Orbital welding TIG (or GTAW) electrodes are made from tungsten material. Tungsten is chosen due to its high temperature resistance and electrical stability at elevated temperature. It has the highest melting point of any metal at 3,410 degrees Celsius making it suitable to carry TIG arc.
Recommended Amperage According to ISO 6848:2015
|Welding Current DC|
|10 – 75A|
45 – 150A
60 – 200A
75 – 220A
85 – 330A
Selecting Tungsten Electrode Diameter
Electrode diameter commonly use in orbital welding is 1.0mm, 1.6mm, 2.0mm, 2.4mm. The right electrode diameter selection will depend on the welding current or the tube wall thickness to be welded as shown in next table.
Selecting Tungsten Electrode Material
Tungsten with 2% Thorium (Red Color)– 2% thoriated tungsten electrodes are the most commonly used in orbital welding. Thorium increases electron emission qualities of the electrode, higher current carrying capacity, improve arc start and eliminates arc wandering during welding. It also features a lower level of weld contamination than other tungsten. Major drawback of Thorium is its radioactive hazard. During electrode grinding, fume or dust containing thorium will be emitted and exposure to radioactivity will be higher.
Tungsten with 2% Cerium (Grey Color) – Cerium is relatively non-toxic to humans and no adverse health effects would be expected from exposure to cerium dust or fume. 2% ceriated tungsten electrodes perform best in orbital welding with current setting between 15 – 200Amps with excellent arc starts and arc stability. Ceriated electrodes is not recommended for high amperages above 200Amps due to excessive formation of cerium oxide at hot tip of the electrode.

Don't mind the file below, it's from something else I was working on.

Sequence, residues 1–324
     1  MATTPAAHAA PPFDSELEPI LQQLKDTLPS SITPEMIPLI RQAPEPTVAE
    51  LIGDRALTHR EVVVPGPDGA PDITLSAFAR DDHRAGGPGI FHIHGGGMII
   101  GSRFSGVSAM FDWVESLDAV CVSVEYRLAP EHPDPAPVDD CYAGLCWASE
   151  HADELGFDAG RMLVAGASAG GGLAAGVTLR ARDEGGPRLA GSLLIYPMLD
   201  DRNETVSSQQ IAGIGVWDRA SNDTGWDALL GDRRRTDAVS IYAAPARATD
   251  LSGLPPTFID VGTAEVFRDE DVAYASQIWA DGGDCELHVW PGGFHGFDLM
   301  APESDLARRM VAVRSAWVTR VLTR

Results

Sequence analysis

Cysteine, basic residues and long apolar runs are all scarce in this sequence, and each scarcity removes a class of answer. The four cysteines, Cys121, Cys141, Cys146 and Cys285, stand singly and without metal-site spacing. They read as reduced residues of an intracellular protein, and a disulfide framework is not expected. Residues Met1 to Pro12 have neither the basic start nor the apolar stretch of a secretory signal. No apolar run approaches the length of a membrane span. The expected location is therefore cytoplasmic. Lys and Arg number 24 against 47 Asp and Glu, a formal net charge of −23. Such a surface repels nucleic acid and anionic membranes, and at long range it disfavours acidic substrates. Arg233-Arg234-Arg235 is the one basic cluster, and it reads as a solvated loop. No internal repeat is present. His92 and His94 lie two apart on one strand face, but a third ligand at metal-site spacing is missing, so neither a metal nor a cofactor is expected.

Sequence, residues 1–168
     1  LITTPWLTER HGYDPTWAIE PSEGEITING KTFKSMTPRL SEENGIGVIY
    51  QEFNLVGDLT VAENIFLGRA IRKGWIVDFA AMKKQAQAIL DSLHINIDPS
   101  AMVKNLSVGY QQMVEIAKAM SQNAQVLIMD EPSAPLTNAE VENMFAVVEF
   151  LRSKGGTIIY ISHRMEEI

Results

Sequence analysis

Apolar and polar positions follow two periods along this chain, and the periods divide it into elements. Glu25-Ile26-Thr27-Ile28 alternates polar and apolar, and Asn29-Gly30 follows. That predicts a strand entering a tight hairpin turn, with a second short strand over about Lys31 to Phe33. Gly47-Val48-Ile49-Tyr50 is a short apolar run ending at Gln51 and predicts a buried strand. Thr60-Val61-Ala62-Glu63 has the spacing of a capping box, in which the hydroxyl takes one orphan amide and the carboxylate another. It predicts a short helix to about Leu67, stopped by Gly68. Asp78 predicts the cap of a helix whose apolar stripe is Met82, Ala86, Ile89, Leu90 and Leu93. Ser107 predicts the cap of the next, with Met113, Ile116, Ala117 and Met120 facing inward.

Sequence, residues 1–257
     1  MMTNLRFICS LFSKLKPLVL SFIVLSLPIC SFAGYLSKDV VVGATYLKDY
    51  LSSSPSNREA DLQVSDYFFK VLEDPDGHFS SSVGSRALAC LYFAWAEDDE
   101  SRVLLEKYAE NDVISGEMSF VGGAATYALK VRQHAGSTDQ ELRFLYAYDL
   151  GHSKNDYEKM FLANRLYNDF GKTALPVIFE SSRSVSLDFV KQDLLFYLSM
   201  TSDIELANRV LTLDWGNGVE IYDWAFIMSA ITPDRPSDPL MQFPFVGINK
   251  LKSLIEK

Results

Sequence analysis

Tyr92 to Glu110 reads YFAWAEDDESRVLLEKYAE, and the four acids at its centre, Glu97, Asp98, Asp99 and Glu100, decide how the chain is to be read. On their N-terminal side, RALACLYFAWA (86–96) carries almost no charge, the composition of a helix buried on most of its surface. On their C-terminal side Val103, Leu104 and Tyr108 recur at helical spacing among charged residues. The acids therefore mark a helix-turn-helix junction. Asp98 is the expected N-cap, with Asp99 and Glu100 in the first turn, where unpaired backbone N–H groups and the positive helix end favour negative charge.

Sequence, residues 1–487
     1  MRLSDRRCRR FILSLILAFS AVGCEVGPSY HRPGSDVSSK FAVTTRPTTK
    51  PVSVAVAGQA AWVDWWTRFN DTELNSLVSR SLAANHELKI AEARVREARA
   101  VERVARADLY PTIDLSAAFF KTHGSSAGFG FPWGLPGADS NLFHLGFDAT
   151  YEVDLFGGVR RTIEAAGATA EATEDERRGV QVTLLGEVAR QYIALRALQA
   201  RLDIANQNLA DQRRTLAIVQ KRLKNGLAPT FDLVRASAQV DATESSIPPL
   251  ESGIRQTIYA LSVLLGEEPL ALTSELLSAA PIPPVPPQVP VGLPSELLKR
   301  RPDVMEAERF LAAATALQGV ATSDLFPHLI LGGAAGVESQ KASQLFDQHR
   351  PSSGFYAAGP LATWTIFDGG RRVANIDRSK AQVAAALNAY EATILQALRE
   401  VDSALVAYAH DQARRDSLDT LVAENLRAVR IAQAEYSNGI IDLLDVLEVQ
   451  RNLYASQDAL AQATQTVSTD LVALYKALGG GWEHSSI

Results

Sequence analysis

How to Prepare Tungsten Electrode:
1. Use The Right Electrode Grinding Tools
Use a Tungsten grinding tool specially designated for tungsten grinding to avoid contamination. Usually, the grinding wheel is coated with borazon or diamond abrasive material to resist tungsten’s hardness. Avoid using traditional aluminum oxide grinding wheel to avoid tungsten tip contamination. Safe work procedure shall be followed as electrode grinding generates excessive fumes and dust, especially thorium as it poses radioactive health hazard.
To make your tungsten preparation job easy, fast and safe, we recommend ESG+ electrode grinding tools from Orbitalum
2. Preparing the Right Electrode Tip Geometry
In orbital welding, two common geometries for the electrode tip are “pointed” and “truncated”. Grinding the electrode to a conical shape eases the arc ignition and creates a more focused arc for better welding performance.
Choosing a proper geometry and the right grinding angle for the electrode is strategic to obtain the best performance. The right choice depends on the result you want to obtain.
When welding with low current on thin wall tube materials (from 0.1 mm to 1.0 mm), it is recommended to grind the electrode end to a pointed tip. A pointed tip allows the welding current to transfer in a focused arc and helps prevent thin wall metal from becoming distorted.
For higher-current applications in heavier wall welding (1.2mm to 3.0mm), it is recommended to grind the electrode end to a truncated tip. First grind the tungsten to a conical shape, then grind a 0.2mm to 0.5mm (.010- to .020” ) flat land on the end of the tungsten. A truncated geometry prevents the high current to blow off the tip causing weld puddle contamination.
3. How to Grind Electrode
Grind the tungsten straight on the wheel versus at a 90-degree angle to ensure that the
grind marks run the length of the electrode. Doing so reduces the presence of ridges on the tungsten that could create arc wandering or melt into the weld puddle, causing contamination.
Generally, you will want to grind the taper on the tungsten to a distance of no more than 2.5 times the electrode diameter (for example, with a 1.6mm OD electrode you would grind a conical surface 4mm long).